Places of Interest nearby
Location address: Ireland
Number of texts: 3
During World War II there were two plane crashes in the Dartry mountains close to Benbulbin. On 9 December 1943, a USAAF Boeing B-17G Flying Fortress plane (en route from Goose Bay, Labrador to Prestwick, Scotland) crashed on Truskmore just east of Benbulbin. 10 airmen were aboard, of whom three died, two at the scene and one from injuries sustained in the crash. Local residents undertook a rescue mission, taking the injured off the mountain where they were then transferred to Sligo County Hospital. Substantial wreckage of the plane stayed on the mountain for many years following the crash and today limited amounts of aircraft fragments still remain at the site. Near the location of the Flying Fortress crash, there was an earlier crash also involving a military aircraft. On 21 March 1941, an RAF Catalina flying boat (AM265) using the Donegal Corridor crashed into the mountain at Glenade, Co. Leitrim on the east side of Truskmore. All nine airmen aboard died in the crash.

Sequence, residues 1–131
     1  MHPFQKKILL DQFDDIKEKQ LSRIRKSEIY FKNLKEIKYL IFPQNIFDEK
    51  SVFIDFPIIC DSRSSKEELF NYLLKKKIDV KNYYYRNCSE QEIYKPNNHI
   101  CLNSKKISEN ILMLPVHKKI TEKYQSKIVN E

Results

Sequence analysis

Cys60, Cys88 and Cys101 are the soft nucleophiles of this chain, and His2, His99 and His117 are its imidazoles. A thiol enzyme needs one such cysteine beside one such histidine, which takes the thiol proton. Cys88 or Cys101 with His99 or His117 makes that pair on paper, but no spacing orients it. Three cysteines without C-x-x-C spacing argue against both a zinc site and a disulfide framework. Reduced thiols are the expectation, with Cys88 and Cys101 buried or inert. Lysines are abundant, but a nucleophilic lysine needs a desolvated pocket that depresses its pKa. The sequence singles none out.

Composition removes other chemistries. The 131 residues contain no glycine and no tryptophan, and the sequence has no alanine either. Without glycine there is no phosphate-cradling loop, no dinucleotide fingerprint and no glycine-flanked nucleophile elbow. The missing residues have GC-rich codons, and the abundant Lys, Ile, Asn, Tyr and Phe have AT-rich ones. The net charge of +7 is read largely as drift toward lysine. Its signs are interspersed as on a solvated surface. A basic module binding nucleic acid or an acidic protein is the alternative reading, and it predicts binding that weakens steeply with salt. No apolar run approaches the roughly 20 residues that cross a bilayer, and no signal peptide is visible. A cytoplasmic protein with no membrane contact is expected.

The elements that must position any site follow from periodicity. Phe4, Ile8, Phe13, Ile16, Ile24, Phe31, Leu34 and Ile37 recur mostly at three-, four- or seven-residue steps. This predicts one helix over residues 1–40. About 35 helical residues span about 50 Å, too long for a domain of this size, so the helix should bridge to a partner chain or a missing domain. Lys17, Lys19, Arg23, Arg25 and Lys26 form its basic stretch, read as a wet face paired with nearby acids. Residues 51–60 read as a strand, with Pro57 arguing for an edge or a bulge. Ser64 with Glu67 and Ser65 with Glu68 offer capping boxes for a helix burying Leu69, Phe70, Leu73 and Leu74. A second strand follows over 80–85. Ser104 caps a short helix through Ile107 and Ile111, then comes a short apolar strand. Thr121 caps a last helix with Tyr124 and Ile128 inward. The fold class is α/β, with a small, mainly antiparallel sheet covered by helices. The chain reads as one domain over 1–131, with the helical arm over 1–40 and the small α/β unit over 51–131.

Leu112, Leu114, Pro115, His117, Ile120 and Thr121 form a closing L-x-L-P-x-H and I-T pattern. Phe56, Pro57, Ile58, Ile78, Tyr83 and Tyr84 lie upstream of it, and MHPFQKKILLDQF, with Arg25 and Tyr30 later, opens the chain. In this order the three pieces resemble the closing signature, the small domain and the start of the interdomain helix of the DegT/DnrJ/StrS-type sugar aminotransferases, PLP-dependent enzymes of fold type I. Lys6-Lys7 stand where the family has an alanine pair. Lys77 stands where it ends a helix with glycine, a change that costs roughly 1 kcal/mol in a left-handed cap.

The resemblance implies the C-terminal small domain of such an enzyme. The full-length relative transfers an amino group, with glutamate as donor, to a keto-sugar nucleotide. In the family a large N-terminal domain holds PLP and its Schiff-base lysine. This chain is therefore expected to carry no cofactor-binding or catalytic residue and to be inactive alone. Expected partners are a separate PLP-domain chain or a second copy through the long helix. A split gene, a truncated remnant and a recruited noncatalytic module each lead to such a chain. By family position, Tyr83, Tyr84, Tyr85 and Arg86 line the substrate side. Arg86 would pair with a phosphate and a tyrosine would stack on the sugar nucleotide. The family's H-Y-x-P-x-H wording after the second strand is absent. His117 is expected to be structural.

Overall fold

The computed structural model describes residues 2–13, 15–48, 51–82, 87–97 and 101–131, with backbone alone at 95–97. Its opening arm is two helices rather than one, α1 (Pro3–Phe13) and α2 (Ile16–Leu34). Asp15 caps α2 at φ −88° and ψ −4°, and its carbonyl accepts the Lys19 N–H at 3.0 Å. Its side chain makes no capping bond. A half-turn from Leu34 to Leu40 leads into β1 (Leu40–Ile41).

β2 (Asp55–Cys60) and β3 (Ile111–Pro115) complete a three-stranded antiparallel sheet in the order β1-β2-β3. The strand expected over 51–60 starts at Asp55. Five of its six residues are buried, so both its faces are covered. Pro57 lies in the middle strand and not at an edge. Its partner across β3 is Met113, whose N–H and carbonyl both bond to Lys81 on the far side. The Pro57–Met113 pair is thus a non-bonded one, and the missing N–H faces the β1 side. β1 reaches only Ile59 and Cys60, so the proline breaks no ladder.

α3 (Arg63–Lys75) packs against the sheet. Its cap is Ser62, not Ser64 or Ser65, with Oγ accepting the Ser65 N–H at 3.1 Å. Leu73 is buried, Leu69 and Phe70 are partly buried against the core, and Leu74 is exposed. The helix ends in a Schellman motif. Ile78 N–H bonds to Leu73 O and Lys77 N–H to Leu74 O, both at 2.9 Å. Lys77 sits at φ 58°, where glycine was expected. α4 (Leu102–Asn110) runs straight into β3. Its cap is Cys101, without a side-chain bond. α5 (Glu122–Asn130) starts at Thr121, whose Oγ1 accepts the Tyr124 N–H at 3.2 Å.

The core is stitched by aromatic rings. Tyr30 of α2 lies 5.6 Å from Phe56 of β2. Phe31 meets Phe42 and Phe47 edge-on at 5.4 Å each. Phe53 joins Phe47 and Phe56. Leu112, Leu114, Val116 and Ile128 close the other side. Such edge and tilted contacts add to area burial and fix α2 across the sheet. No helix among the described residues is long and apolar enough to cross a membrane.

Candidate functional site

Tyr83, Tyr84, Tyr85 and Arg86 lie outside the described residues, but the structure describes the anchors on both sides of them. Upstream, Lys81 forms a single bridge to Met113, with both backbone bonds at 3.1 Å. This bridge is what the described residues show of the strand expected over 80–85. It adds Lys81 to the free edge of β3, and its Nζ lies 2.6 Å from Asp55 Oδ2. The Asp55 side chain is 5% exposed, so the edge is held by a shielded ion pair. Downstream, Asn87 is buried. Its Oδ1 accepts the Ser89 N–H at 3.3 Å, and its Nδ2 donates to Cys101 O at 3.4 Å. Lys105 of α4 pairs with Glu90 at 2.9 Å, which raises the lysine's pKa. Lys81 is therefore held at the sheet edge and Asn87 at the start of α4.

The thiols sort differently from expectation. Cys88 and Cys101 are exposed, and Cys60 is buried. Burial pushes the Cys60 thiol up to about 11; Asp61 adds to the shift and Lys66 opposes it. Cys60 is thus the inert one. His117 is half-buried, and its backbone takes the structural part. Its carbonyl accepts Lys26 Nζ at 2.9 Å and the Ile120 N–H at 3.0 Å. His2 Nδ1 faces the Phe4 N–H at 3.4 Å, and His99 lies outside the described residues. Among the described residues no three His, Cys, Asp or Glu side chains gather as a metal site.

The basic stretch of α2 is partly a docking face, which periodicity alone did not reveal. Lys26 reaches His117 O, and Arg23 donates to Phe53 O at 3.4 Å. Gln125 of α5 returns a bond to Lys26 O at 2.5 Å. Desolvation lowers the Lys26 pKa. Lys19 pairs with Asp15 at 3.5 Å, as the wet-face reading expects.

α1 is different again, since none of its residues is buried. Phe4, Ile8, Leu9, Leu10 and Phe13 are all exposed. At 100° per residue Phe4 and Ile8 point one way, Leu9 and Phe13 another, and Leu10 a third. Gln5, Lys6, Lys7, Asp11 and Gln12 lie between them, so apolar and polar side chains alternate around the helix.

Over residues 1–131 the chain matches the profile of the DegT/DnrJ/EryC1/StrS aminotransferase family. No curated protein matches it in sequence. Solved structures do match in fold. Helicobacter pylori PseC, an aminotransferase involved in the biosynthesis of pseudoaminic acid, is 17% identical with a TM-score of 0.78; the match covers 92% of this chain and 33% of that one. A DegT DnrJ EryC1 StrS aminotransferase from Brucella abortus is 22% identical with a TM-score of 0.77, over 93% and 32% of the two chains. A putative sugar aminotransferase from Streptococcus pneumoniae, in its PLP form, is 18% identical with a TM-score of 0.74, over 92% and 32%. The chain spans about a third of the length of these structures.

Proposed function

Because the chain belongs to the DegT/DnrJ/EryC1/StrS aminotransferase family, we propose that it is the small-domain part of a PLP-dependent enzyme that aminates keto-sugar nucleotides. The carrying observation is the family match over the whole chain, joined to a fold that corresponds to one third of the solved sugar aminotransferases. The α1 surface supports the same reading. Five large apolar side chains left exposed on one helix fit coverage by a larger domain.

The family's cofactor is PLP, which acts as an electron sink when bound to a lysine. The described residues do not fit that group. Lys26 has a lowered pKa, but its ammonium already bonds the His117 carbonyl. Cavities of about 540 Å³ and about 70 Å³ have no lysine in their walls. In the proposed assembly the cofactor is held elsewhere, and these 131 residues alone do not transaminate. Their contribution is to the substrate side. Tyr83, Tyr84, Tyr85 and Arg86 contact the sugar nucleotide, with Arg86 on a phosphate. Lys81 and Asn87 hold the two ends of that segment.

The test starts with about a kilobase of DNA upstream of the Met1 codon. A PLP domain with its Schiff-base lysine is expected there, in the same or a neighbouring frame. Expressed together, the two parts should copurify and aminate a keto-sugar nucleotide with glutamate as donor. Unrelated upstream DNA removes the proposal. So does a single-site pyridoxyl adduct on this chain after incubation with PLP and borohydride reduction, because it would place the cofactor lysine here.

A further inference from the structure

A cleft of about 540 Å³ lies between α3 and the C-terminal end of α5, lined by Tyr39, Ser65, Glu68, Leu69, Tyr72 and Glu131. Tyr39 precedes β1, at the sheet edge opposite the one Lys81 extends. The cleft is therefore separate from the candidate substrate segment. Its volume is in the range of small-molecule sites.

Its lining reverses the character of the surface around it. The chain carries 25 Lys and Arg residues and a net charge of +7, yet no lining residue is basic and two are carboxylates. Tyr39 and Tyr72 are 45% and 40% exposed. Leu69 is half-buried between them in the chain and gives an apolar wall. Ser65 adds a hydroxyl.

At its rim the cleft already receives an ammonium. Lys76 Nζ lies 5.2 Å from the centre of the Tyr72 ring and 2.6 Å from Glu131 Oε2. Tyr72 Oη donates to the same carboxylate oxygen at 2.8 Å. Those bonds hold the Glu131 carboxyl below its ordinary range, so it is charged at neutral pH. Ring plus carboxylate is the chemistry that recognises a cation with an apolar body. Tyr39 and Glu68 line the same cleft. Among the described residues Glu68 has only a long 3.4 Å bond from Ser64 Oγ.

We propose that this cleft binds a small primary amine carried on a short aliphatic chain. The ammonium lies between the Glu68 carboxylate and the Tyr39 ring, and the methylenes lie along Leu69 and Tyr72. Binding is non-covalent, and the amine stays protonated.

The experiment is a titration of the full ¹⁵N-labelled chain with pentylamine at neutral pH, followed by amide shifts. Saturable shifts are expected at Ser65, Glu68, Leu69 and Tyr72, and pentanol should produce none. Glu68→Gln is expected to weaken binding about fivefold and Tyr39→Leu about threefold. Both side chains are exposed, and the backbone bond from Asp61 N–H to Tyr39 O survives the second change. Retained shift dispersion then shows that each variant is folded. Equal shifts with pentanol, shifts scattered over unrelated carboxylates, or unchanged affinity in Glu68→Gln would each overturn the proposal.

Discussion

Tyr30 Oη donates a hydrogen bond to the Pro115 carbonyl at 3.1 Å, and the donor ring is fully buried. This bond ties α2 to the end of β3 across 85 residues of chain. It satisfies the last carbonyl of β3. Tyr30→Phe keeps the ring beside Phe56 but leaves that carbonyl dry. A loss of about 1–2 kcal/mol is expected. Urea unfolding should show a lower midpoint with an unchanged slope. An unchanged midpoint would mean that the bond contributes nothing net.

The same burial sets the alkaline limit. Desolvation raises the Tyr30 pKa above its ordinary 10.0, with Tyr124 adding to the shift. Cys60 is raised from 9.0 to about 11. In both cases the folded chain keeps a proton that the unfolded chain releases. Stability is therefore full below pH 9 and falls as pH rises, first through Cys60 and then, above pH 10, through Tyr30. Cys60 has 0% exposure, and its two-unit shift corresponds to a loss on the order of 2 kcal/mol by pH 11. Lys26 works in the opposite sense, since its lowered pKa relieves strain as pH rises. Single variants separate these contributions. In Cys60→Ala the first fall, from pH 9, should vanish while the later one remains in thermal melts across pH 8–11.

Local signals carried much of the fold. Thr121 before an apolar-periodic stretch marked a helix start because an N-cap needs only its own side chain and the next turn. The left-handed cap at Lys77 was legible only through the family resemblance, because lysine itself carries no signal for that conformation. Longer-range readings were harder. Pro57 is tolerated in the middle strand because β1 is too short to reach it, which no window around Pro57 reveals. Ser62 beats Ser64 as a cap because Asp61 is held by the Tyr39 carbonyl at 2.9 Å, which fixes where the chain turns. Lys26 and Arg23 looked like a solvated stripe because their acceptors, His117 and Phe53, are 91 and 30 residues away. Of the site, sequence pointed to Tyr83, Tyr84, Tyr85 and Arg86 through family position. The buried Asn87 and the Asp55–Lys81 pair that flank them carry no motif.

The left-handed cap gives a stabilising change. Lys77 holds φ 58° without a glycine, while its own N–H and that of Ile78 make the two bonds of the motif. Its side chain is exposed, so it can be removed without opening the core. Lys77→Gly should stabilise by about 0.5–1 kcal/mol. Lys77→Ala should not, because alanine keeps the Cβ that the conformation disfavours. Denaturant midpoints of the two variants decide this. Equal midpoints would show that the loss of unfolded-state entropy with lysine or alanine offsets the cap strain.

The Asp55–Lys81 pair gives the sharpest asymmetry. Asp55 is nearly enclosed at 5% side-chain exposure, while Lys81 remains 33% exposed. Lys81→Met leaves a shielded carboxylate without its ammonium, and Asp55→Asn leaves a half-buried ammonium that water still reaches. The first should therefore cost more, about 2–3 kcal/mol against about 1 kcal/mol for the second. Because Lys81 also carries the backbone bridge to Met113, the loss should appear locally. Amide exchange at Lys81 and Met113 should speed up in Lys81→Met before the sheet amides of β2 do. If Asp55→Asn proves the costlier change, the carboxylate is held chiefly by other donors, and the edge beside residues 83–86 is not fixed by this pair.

Linked themes: War
Benbulben is an established climbing destination. If climbed by the north face, it is a dangerous climb. That side bears the brunt of the high winds and storms that come in from the Atlantic Ocean. However, if climbed by the south side, it is an easy climb, since that side slopes very gently.
Benbulbin is a protected site, designated as a County Geological Site. It is created by flat lying sequences of carboniferous limestones (Karst) and shales, dissected into the upland plateaux. Benbulbin was formed during the ice age, when Ireland was under glaciers. Originally it was a large ridge. The moving glaciers shaped it into its present distinct formation.
Linked themes: Geology